Month: August 2013

Library from Anywhere

Resources for your ministry from the Christoph Keller, Jr. Library

Most of you are aware that we have a new library at General Theological Seminary. We have a beautiful facility that opened two years ago.

reading room full of students (2)

The Christoph Keller Library is used locally by many students, faculty and visitors. But the new Keller Library can also be used from anywhere! The richness and depth of the library’s resources are available wherever and whenever needed for your ministry.

There are lots of things available on the internet, of course. And contrary to popular belief, our librarians aren’t here to judge you if you Google something, or look it up on Wikipedia. But many of us, in our theological pursuits, are looking for something in more depth: perhaps an authoritative source for what St. Augustine actually said , or perhaps to read a book that has been widely discussed that’s not available for free like Zealot: the life and times of Jesus of Nazareth by Reza Aslan, or to find a review of a book in a respected journal,  or a journal article by a senior GTS faculty member on a topic like Same Sex marriage.

If you’ve clicked on these links, you will probably note that a login is required. This is because the companies that license this material require that users be enrolled at GTS. If you aren’t enrolled yet, see below –we have a very special deal for alumni/ae. If you are enrolled but having trouble, please contact Laura Moore or Mary Robison.

Since January, we have added nearly 7000 e-books to our collection and we have over 400 full-text theological journals available online. Some are available free . We expect thousands more ebooks and steady growth in our electronic journals collections in the coming year.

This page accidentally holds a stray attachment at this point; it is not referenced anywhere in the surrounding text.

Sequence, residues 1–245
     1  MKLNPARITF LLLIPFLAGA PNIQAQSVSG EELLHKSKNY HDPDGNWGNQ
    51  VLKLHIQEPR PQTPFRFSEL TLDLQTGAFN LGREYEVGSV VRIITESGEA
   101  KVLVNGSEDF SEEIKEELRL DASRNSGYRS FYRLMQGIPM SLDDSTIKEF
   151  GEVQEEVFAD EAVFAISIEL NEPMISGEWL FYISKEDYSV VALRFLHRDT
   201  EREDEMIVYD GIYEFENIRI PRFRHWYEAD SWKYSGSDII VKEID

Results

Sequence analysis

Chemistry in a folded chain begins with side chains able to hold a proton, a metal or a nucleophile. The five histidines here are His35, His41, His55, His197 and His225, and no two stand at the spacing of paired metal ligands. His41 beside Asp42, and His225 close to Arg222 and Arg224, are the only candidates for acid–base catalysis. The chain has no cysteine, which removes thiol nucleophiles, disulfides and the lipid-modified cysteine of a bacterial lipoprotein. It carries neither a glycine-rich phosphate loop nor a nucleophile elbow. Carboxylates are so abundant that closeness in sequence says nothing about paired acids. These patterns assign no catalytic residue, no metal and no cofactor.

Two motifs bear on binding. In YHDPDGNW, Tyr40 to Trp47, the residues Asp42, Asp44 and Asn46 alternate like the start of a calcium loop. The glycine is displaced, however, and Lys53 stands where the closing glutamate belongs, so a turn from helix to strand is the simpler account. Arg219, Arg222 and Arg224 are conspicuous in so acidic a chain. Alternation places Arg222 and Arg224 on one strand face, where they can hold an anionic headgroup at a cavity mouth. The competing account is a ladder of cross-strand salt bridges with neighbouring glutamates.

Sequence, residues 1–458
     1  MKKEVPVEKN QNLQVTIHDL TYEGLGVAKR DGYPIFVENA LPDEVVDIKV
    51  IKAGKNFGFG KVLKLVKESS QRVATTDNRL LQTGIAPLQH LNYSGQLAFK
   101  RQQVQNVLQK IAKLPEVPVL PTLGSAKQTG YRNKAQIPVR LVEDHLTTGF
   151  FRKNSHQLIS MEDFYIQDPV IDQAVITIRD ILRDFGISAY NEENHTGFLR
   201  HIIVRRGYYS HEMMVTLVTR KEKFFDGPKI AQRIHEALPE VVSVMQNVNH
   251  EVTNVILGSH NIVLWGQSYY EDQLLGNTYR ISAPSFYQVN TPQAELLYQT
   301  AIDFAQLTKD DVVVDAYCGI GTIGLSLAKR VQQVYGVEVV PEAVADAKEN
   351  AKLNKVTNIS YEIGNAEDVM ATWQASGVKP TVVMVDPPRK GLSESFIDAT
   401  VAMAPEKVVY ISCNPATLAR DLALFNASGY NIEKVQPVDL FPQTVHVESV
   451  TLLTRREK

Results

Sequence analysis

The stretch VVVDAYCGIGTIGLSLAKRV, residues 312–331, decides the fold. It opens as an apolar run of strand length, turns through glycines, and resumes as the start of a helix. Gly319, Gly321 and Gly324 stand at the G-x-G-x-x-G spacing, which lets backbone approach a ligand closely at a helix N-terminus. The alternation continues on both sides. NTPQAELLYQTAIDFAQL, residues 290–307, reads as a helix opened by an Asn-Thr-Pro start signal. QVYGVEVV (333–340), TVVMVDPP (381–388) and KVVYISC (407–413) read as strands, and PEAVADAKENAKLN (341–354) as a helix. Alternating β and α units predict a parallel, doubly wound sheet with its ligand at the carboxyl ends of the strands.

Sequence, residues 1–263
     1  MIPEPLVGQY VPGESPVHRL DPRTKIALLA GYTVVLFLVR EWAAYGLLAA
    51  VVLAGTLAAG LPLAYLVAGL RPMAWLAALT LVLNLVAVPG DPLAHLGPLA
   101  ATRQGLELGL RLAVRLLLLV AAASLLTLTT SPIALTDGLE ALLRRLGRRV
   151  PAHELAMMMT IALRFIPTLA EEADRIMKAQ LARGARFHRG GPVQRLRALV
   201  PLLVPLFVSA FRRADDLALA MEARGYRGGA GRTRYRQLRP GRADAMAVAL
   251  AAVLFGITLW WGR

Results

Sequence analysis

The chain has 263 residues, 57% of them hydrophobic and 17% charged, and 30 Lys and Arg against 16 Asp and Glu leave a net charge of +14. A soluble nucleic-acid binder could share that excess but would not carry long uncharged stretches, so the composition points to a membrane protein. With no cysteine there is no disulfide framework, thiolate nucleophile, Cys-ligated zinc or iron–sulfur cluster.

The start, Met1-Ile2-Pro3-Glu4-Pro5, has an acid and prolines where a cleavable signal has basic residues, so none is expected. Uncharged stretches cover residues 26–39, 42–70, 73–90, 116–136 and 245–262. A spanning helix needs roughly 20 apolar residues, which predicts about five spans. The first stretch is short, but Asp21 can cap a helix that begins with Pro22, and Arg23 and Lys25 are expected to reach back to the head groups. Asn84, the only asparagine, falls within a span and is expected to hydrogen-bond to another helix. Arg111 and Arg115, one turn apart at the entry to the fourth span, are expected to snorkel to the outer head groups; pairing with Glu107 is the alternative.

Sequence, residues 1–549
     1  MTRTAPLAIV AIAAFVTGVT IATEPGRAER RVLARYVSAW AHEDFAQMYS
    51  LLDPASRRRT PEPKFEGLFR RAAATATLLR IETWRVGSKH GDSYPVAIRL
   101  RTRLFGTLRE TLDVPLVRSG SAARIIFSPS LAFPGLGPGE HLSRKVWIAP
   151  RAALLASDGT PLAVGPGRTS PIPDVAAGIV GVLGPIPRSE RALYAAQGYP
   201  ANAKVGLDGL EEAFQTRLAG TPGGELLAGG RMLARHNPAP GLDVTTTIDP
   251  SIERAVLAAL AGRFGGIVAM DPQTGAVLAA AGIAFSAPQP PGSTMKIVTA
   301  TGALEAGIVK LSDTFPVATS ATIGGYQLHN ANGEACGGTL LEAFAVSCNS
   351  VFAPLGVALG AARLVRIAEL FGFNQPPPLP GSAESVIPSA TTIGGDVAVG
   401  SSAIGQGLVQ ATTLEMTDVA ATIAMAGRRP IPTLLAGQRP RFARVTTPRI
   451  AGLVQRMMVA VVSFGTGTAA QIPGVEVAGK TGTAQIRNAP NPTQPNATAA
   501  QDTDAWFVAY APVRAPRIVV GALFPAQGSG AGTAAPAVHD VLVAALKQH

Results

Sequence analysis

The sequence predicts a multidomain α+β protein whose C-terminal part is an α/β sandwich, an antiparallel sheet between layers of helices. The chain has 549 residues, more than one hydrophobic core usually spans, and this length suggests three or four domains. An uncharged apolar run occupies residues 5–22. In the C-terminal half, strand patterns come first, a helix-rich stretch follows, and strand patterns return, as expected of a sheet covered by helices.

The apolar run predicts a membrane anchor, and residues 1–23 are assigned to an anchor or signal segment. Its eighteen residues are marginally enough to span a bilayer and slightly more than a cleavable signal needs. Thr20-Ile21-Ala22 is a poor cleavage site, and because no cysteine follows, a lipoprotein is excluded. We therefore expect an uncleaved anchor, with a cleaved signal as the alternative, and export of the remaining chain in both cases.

The Keller Library on the day after Hurricane Sandy

The Keller Library on the day after Hurricane Sandy

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We have had a program called Theological Research from a Distance since 2006. This is an independent study continuing education course-LIB1- that provides access to the services and resources of the Keller Library. Anyone who is enrolled can use e-books, e-journals, borrow books by mail and consult with our expert staff. This year, we will be enhancing this service by sending enrollees several times each semester suggestions for electronic resources that are relevant to ministry.

Topics will include:

Biblical and Liturgical resources for Lectionary Year A, Episcopal and Local Church history, Women in the Bible and Early Church, The Liturgical Year, Getting the most out of JSTOR and the ATLA ReligionDatabase, and others.

The cost for enrollment is a bargain at $200 per year for anyone and GTS alumni/ae get a 50% discount, so they can enroll for a full year for only $100.

You Fool!

A sermon at Trinity Church, Ossining, NY  August 4, 2013

Lessons:  Ecclesiastes 1:2,12-14; 2:18-23   Colossians 3:1-11  [12-17]  Luke 12:13-21

You fool! This very night your life is being demanded of you.

To me, one of the most ominous things about the parable that Jesus tells in today’s Gospel, is that it makes no sense in twenty-first century American culture. Basically the story is that the guy’s business is doing really well, so he decides to invest in improved facilities, expand his operation and put away something for the future.